Tuesday, April 27, 2010

Why Hitchcock Might Have Wanted to be Bad

Alfred Hitchcock's later years weren't his best by most standards; there was the lull of "Torn Curtain" and the two that followed, then "Frenzy," which succeeded maybe partly by breaking away from the Hitchcockian polish of "Rear Window," reifying the Hitchcock narrative of the wrong man accused of the raw murder, but in a way that looks like late New Wave, maybe positioning itself elegiacally. By that point, Hitchcock, I think, was watching Disney movies instead of the latest thing; when Truffaut told him that "Frenzy" was a young man's movie because of its original moves, he was reflecting partly on his own past. The daring moves, though, are less toward the minimal and more toward the lyrical; the closeup in which the sound stops, and the narrative seems to fall away, is very much the kind that Belasz means when he talks about the closeup as lyric mode, and one made most for the human face.

"Family Plot," his last film, has been dismissed as lacking the power of almost any of his that came before it, but what might seem like its problems come to seem like experiments by Hitchcock out of his own mode, especially because of what he did after he made it. Nothing, except developing "The Short Night" toward the big hit that he seemed to want to end his career on. He kept on developing it, and the natural view would be that his health kept him from carrying it out, along with Alma's. But the way he stopped development, then started it again, suggests something else: he didn't finish it when he could have, and his comment, at one point, that making it wasn't "necessary," suggests a sense of his legacy that fit "Family Plot" into it, whether or not it seemed like a Hitchcock to everyone, and maybe moreso because it seemed like one to few except himself.

There are many Hitch moments in the film, including his cameo as shadow in an office door's window, the sense of domestic life laid bare to show the mechanisms of treachery, and the overall phenomenon of the everyday person drawn into a world of intrigue that he or she is uniquely poised to unravel, because of social context and ultimately skill. There's a he and a she, who are drawn into the search for a seemingly unfindable man, whose narrative runs loosely parallel with theirs until the network narrative phenomenon of coincidence puts them together. The he of the couple is played by Bruce Dern, and his own performance might seem to take the most away from the film's impact. He's nearly a Disney dad. He mugs. He gapes at the sinister, and his teeth gleam. He anticipates Jim Carrey in his face's elasticity. He is the opposite of Cary Grant. That Hitchcock made the space for him to be that way we can see in his hair, an orange mop that seems to do what it wants.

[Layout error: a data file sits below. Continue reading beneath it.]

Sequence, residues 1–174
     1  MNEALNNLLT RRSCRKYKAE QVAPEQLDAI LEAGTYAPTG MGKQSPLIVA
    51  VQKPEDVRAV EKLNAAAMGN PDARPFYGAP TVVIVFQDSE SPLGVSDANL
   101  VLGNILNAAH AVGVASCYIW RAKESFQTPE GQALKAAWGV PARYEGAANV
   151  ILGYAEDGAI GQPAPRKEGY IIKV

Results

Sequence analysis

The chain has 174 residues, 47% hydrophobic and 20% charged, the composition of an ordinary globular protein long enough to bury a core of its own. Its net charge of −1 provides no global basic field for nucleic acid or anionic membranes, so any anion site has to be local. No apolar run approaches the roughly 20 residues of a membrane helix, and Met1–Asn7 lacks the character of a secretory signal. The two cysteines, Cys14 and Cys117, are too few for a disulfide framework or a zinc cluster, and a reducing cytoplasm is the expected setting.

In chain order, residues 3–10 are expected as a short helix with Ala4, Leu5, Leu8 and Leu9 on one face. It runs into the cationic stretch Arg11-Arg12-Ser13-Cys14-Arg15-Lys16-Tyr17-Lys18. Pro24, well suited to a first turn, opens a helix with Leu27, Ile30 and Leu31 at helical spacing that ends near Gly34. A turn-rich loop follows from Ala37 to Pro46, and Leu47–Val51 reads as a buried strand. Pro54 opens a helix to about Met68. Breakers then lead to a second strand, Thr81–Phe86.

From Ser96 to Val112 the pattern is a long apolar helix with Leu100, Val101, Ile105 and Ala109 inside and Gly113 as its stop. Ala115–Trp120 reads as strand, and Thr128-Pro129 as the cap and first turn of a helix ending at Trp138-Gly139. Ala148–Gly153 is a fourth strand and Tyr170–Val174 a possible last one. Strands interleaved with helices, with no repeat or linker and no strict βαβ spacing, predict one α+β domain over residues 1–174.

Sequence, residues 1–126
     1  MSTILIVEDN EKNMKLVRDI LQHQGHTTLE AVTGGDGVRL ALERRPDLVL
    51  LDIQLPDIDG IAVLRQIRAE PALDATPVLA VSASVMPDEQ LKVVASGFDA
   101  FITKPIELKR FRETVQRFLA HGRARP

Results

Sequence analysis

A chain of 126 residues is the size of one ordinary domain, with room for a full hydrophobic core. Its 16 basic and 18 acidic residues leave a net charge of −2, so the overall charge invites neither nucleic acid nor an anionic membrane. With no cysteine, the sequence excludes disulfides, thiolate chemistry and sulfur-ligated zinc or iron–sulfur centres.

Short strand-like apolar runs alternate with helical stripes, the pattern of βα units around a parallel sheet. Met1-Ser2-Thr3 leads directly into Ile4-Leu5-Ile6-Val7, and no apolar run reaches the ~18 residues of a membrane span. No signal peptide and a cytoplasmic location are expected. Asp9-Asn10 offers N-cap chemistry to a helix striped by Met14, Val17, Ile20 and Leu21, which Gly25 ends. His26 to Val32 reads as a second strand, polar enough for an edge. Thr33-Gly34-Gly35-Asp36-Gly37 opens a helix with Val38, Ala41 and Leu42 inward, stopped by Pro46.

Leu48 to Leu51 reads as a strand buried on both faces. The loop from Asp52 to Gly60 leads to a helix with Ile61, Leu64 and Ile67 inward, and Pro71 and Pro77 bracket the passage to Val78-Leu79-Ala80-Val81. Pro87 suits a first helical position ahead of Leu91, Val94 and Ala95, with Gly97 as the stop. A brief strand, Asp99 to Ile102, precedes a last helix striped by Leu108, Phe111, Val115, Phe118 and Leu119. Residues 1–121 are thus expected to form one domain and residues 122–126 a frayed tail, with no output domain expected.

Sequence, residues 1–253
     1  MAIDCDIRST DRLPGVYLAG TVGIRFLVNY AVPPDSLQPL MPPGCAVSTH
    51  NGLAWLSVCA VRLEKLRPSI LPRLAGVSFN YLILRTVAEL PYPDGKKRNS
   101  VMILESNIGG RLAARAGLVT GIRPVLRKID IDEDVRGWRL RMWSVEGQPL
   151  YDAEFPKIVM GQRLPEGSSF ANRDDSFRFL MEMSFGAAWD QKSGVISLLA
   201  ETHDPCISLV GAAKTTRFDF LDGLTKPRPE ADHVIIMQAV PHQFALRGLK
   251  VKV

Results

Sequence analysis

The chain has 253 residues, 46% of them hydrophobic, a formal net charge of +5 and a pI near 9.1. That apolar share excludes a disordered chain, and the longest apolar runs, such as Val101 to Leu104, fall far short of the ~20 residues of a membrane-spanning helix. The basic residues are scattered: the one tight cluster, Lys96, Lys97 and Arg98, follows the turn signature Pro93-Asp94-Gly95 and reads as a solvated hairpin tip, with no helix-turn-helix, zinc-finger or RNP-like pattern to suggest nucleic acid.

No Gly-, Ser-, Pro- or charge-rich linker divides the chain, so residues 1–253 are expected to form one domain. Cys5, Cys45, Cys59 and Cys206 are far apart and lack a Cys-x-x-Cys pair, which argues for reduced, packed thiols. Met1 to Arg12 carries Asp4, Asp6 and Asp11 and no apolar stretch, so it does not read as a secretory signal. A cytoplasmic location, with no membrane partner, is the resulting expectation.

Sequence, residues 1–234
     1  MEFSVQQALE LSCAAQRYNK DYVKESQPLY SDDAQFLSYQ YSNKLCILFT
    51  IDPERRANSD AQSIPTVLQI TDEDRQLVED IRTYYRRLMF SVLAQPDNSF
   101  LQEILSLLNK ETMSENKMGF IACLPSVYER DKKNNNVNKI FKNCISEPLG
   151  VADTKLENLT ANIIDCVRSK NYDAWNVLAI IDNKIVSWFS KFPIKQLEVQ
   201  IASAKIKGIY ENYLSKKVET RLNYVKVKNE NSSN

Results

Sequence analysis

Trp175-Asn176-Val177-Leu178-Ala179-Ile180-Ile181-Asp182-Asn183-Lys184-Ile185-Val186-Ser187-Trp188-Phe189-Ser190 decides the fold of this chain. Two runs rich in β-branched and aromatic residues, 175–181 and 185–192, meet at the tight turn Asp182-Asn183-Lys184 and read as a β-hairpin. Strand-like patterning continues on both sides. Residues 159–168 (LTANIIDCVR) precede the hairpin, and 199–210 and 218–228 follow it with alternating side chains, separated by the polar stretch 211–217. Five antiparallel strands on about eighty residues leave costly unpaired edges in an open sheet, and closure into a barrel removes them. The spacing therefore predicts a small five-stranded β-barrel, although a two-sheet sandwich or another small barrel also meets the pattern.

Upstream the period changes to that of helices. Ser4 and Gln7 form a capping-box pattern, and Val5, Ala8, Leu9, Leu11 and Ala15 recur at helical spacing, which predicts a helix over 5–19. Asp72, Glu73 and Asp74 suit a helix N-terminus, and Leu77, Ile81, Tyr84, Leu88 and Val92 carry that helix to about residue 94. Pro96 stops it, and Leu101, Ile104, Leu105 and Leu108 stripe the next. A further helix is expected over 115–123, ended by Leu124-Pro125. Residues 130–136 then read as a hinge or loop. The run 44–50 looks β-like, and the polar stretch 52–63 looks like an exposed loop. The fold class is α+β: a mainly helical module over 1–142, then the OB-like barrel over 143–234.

And that's the key. Hitchcock offers the part to Bruce Dern, and Bruce Dern asks why. The studio is thinking of Pacino. Hitch says that he wants Dern, because he never knows what Dern's going to do next. This cavalier sense with the actor might have roots in Hitch's focus on the mise-en-scene, and the sense that a professional actor should generally know what to do already, but it also bumps up against what's reiterated about him with just about every telling of his legend: that the film is finished in his head before it reaches the screen, and the filming is incidental, even boring for him. Bruce Dern is not in his head. Bruce Dern is himself, and is clearly kind of frightened to be there; the thought that all of this offers is that Hitch might finally, four years before his death, after spanning the century with the seldom mutable studio of his visualization, have gotten to do that thing that he must have wanted to do since he was young, and the colored lights that washed the stage near his home made a kind of screen his imagination could shape, would shape into a world of the nerves and their infinite roots: he got to make a movie and watch it at the same time.